RFR - 6480539: BigDecimal.stripTrailingZeros() should specify no-op on zero BigDecimals

Bruce Chapman brucechapman at paradise.net.nz
Tue Feb 12 08:19:38 UTC 2013

I didn't know that Randall was following this mailing list and this thread.



On 9/02/2013 9:32 a.m., Joe Darcy wrote:
> Hello,
> On 2/6/2013 11:32 PM, Bruce Chapman wrote:
>> Stephen, In your case(s) would the workaround fail to work if the bug 
>> was fixed?
>> Working around a bug is quite different to taking advantage of the 
>> buggy behaviour.  If fixing the bug would break code that works 
>> around it that can be seen as a problem, while breaking code that 
>> relies on the bug is IMHO much less of an issue since anyone that 
>> does that is taking a known risk, or a risk that should reasonably be 
>> expected to be known.
>> I am finding it hard to imagine a genuine attempt at a workaround 
>> that would not still work (though redundantly) if the bug was fixed.
>> Also bear in mind that there are other implementations, and the 
>> signature and the javadoc are the spec. If you find behaviour that 
>> differs and take advantage of that behaviour then you are opening the 
>> possibility of it changing if either: you run with another 
>> implementation, or the bug gets fixed.
>> While it is easy to contrive an example that would break if this bug 
>> were fixed, and it is possible (on the grounds that I cannot prove it 
>> is impossible) that some real code might break, it is hard to imagine 
>> a scenario where the author/owner of that broken code has any morally 
>> legitimate grounds for complaint in that case.
>> I guess if you take the "This is one of those unfortunate cases where 
>> a bug can become a feature." approach to its logical conclusion then 
>> no bugs get fixed because there are no bugs, just a nice online list 
>> of newly discovered unexpected features.
> As noted earlier in this thread, we use a nuanced compatibility policy 
> in evolving the JDK:
> http://cr.openjdk.java.net/~darcy/OpenJdkDevGuide/OpenJdkDevelopersGuide.v0.777.html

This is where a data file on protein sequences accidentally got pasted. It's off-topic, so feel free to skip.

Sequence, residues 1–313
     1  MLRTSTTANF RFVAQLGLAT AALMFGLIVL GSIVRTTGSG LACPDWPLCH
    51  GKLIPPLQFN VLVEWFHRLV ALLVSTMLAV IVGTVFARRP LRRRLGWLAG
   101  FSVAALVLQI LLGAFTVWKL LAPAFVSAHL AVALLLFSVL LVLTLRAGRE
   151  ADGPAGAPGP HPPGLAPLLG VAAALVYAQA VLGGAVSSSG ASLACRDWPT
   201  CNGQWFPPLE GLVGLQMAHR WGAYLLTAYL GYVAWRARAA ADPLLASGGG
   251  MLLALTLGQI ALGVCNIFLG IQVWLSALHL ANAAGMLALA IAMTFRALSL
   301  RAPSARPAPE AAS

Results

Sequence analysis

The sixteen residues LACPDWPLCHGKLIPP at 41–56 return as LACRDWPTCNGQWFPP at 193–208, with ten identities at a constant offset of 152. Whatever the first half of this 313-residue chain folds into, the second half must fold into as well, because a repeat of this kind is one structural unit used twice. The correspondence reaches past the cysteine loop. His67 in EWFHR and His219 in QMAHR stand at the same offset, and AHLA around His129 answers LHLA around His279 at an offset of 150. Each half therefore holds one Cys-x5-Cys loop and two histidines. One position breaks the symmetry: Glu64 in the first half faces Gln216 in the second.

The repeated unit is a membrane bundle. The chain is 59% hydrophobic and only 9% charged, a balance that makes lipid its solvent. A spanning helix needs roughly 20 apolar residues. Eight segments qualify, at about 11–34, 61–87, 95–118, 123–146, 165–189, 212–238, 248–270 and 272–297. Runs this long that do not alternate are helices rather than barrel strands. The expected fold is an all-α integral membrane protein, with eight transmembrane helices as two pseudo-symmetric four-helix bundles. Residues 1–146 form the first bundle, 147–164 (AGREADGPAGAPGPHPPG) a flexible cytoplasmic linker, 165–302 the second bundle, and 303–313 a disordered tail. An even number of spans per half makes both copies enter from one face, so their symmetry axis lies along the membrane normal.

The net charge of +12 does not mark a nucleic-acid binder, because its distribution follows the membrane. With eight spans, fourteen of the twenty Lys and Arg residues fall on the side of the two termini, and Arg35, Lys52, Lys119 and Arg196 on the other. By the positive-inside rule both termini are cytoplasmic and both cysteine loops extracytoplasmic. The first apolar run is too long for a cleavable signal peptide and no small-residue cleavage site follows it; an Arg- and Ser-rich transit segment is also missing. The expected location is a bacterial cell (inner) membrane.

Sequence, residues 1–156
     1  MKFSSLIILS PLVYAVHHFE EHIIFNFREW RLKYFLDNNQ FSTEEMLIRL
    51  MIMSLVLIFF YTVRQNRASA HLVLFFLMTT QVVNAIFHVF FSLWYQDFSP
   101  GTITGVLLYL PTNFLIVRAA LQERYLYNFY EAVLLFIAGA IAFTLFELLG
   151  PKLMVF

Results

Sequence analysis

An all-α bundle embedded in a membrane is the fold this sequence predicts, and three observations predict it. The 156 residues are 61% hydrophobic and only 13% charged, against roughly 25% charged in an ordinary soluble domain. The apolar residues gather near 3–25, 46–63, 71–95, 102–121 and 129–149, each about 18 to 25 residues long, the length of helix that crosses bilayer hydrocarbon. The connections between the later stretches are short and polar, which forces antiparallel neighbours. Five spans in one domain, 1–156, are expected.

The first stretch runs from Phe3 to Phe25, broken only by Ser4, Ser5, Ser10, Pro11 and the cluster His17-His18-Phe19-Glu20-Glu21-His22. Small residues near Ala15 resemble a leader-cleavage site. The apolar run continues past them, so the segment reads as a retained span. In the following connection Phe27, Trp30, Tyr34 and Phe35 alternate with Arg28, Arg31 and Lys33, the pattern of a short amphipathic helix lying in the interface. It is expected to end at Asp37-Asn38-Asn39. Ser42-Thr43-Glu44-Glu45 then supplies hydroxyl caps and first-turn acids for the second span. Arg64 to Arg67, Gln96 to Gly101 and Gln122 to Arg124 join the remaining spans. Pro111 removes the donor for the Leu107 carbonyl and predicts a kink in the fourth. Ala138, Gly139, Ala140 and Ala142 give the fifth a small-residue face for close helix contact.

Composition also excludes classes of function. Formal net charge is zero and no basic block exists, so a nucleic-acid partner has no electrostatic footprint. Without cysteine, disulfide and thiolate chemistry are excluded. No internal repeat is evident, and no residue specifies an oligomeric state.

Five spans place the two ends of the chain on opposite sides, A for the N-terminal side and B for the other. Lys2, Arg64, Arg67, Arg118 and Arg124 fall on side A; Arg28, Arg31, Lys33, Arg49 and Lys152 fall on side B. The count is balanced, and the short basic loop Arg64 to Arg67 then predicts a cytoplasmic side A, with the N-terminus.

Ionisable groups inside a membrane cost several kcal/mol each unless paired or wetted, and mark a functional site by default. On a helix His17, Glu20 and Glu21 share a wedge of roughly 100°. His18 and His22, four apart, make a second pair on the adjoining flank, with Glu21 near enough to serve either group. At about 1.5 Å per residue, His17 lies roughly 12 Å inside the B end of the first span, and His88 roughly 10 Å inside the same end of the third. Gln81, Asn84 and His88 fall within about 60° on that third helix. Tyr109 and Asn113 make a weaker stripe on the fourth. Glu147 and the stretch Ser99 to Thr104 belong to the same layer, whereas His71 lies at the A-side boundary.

> In particular, besides looking after source and binary compatibility, 
> we also look to manage behavioral compatibility, that is, to be 
> mindful of changing what a method does at runtime when called, even 
> when the specification gives us leeway to do so.
> Let me relate an example of behavioral compatibility from JDK 7. The 
> method Class.getMethods returns an array of Method objects for the 
> Class and in part its javadoc has long stated:
>     "The elements in the array returned are not sorted and are not in 
> any particular order."
> Therefore, any caller of Class.getMethods relying on or assuming a 
> particular order has a bug according to the specification.  As a 
> side-effect of permgen removal in JDK 7, the long-standing (and mostly 
> stable) order of Method objects returned by HotSpot changed. As 
> expected, some user applications and tests "broke" after this change 
> went in.  We received requests to "fix" the ordering of 
> Class.getMethods, which we declined to do given the benefits of 
> permgen removal and the clear specification that no ordering should be 
> relied upon.  Even though that change in getMethods is allowed by 
> specification, it is out-of-bounds of what we would do an an update 
> release but in-bounds for a platform release like JDK 7.
> The reason for this conservatism is because we value keeping the broad 
> usage of the JDK working :-)
> Getting back to BigDecimal.stripTrailingZeros, we cannot inspect all 
> usages of this method today, nor can we inspect all the future usages 
> of BigDecimal.stripTrailingZeros that will be around before JDK 8 is 
> adopted for the code in question. We know not everyone migrates to a 
> new JDK release promptly; within the past two years I fielded a 
> query/complaint about the behavior change in BigDecimal.toString made 
> between 1.4.2 and JDK 5 and later.
> For these sorts of reasons, the default resolution when the 
> specification and implementation conflict is to make the specification 
> match the implementation.  There are exceptions to this default. Given 
> sufficient evidence that changing the behavior of 
> BigDecimal.stripTrailingZeros would not have adverse consequences on 
> fielded code, we could change its behavior despite being implemented 
> that way for about 9 years.
> -Joe
>> Bruce
>> On 7/02/2013 12:16 p.m., Stephen Colebourne wrote:
>>> On 5 February 2013 09:09, Paul Sandoz <paul.sandoz at oracle.com> wrote:
>>>> This is one of those unfortunate cases where a bug can become a 
>>>> feature.
>>> I *really* don't see how.
>>> The method name is absolutely clear about its purpose. "Strip trailing
>>> zeros". Anyone relying on it not stripping zeroes for zero needs their
>>> head examining.
>>> This particular one just happens to be one that I've run across twice
>>> and in both cases it required a workaround. I'd argue that there are
>>> more people with undiscovered bugs in their code because the method is
>>> buggy than people who would break were the method fixed.
>>> What bothers me even more is the desire expressed in this thread to
>>> simply wish away bugs by redefining the documentation. If the method
>>> name is clear enough, like in this case, then its a bug, and a
>>> documentation change simply isn't the right solution.
>>> Stephen

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